ABSTRACT: Interconnection networks communicate and link together the processing units of modern high-performance computing systems. In this context, network faults have an extremely high impact since most routing algorithms have not been designed to tolerate faults. Because of this, as few as one single link failure may stall messages in the network, leading to deadlock configurations or, even worse, prevent the finalization of applications running on computing systems. In this thesis we present fault-tolerant routing policies based on concepts of adaptability and deadlock freedom, capable of serving interconnection networks affected by a large number of link failures. Two contributions are presented throughout this thesis, namely: a multipath fault-tolerant routing method, and a novel and scalable deadlock avoidance technique. The first contribution of this thesis is the adaptive multipath routing method Fault-tolerant Distributed Routing Balancing (FT-DRB). This method has been designed to exploit the communication path redundancy available in many network topologies, allowing interconnection networks to perform in the presence of a large number of faults. The second contribution is the scalable deadlock avoidance technique Non-blocking Adaptive Cycles (NAC), specifically designed for interconnection networks suffering from a large number of failures. This technique has been designed and implemented with the aim of ensuring freedom from deadlocks in the proposed fault-tolerant routing method FT-DRB.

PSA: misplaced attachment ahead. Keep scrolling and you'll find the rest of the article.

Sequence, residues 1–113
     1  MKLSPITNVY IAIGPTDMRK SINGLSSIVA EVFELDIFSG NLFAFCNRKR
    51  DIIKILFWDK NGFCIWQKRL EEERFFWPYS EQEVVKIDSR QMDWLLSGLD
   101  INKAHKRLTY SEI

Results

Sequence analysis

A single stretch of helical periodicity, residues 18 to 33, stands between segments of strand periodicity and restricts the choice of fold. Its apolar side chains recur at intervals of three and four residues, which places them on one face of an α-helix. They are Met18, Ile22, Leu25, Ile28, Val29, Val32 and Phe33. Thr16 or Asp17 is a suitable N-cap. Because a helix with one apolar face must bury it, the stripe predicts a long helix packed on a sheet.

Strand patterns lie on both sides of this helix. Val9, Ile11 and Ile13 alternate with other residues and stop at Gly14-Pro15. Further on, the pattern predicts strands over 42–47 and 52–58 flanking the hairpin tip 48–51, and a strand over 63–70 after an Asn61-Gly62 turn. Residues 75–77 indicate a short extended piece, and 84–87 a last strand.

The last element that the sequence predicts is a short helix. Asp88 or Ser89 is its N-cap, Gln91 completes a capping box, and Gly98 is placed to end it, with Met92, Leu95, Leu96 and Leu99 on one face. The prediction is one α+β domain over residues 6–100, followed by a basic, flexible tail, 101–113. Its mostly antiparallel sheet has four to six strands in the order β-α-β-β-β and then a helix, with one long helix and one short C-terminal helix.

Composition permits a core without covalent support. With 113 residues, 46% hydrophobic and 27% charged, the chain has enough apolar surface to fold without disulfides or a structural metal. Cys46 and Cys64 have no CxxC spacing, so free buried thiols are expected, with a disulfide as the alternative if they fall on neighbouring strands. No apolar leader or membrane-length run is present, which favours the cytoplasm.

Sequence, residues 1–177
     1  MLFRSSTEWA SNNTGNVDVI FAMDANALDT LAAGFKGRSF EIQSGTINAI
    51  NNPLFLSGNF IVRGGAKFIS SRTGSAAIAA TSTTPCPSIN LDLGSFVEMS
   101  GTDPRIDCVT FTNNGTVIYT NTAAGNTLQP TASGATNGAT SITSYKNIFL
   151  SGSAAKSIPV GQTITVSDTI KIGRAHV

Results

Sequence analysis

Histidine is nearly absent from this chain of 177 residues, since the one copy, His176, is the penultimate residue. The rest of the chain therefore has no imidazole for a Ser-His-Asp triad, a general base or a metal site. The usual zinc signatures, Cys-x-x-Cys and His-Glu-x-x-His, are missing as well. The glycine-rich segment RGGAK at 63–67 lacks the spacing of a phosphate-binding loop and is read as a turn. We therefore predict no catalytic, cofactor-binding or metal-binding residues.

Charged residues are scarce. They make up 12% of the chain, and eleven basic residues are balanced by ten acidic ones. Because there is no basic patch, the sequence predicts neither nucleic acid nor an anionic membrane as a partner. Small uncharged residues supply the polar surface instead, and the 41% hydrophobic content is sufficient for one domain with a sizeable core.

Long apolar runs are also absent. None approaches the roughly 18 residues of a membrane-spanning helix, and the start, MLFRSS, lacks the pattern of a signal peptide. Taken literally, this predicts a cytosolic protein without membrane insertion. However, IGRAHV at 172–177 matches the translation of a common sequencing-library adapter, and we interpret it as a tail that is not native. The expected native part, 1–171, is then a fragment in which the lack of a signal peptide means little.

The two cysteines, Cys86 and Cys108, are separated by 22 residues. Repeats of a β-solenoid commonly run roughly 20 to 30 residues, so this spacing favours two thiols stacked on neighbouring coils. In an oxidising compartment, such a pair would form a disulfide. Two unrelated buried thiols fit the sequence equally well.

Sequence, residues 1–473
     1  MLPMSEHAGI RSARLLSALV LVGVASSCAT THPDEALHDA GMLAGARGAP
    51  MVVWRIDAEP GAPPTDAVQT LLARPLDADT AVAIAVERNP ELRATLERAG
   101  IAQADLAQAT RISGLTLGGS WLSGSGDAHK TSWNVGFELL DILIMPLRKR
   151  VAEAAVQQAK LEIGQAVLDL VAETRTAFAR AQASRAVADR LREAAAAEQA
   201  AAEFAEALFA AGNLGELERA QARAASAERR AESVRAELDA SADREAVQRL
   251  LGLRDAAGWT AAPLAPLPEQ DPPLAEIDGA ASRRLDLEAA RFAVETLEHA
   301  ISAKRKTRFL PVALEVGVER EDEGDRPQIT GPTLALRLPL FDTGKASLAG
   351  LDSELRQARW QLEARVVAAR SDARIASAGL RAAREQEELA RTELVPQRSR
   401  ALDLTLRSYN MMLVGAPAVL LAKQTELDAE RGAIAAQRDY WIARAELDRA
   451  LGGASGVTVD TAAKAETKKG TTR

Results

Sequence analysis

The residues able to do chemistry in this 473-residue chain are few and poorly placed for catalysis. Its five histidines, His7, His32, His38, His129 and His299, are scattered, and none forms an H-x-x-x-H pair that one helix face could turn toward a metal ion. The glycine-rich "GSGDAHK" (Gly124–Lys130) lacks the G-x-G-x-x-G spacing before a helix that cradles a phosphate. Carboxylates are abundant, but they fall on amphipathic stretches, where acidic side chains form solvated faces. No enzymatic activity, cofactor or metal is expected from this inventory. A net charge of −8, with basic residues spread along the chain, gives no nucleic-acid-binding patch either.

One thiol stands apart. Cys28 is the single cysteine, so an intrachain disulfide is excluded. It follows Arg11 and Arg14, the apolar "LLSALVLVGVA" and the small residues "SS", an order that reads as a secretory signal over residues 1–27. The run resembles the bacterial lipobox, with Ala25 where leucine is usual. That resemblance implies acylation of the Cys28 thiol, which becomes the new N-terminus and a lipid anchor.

07/2011, Degree: Ph. D., Supervisor: Dr. Daniel Franco Puntes